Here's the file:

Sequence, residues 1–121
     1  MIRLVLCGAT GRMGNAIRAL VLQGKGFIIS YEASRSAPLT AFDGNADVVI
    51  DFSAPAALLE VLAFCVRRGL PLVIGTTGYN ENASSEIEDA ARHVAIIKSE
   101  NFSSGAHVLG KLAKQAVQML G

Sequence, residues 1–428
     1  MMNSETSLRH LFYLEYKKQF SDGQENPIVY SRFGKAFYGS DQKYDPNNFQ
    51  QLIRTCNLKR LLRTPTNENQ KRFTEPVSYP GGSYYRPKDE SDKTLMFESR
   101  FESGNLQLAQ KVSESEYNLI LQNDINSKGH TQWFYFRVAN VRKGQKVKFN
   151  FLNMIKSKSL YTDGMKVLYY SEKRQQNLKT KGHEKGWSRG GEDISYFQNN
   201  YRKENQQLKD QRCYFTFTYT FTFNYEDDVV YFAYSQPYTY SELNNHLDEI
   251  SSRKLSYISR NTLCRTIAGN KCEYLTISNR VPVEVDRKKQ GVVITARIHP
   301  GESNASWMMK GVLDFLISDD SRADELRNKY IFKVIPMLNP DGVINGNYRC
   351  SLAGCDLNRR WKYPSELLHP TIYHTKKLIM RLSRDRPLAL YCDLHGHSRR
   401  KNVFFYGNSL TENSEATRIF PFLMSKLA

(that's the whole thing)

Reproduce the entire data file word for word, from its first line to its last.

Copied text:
Sequence, residues 1–121
     1  MIRLVLCGAT GRMGNAIRAL VLQGKGFIIS YEASRSAPLT AFDGNADVVI
    51  DFSAPAALLE VLAFCVRRGL PLVIGTTGYN ENASSEIEDA ARHVAIIKSE
   101  NFSSGAHVLG KLAKQAVQML G

Sequence, residues 1–428
     1  MMNSETSLRH LFYLEYKKQF SDGQENPIVY SRFGKAFYGS DQKYDPNNFQ
    51  QLIRTCNLKR LLRTPTNENQ KRFTEPVSYP GGSYYRPKDE SDKTLMFESR
   101  FESGNLQLAQ KVSESEYNLI LQNDINSKGH TQWFYFRVAN VRKGQKVKFN
   151  FLNMIKSKSL YTDGMKVLYY SEKRQQNLKT KGHEKGWSRG GEDISYFQNN
   201  YRKENQQLKD QRCYFTFTYT FTFNYEDDVV YFAYSQPYTY SELNNHLDEI
   251  SSRKLSYISR NTLCRTIAGN KCEYLTISNR VPVEVDRKKQ GVVITARIHP
   301  GESNASWMMK GVLDFLISDD SRADELRNKY IFKVIPMLNP DGVINGNYRC
   351  SLAGCDLNRR WKYPSELLHP TIYHTKKLIM RLSRDRPLAL YCDLHGHSRR
   401  KNVFFYGNSL TENSEATRIF PFLMSKLA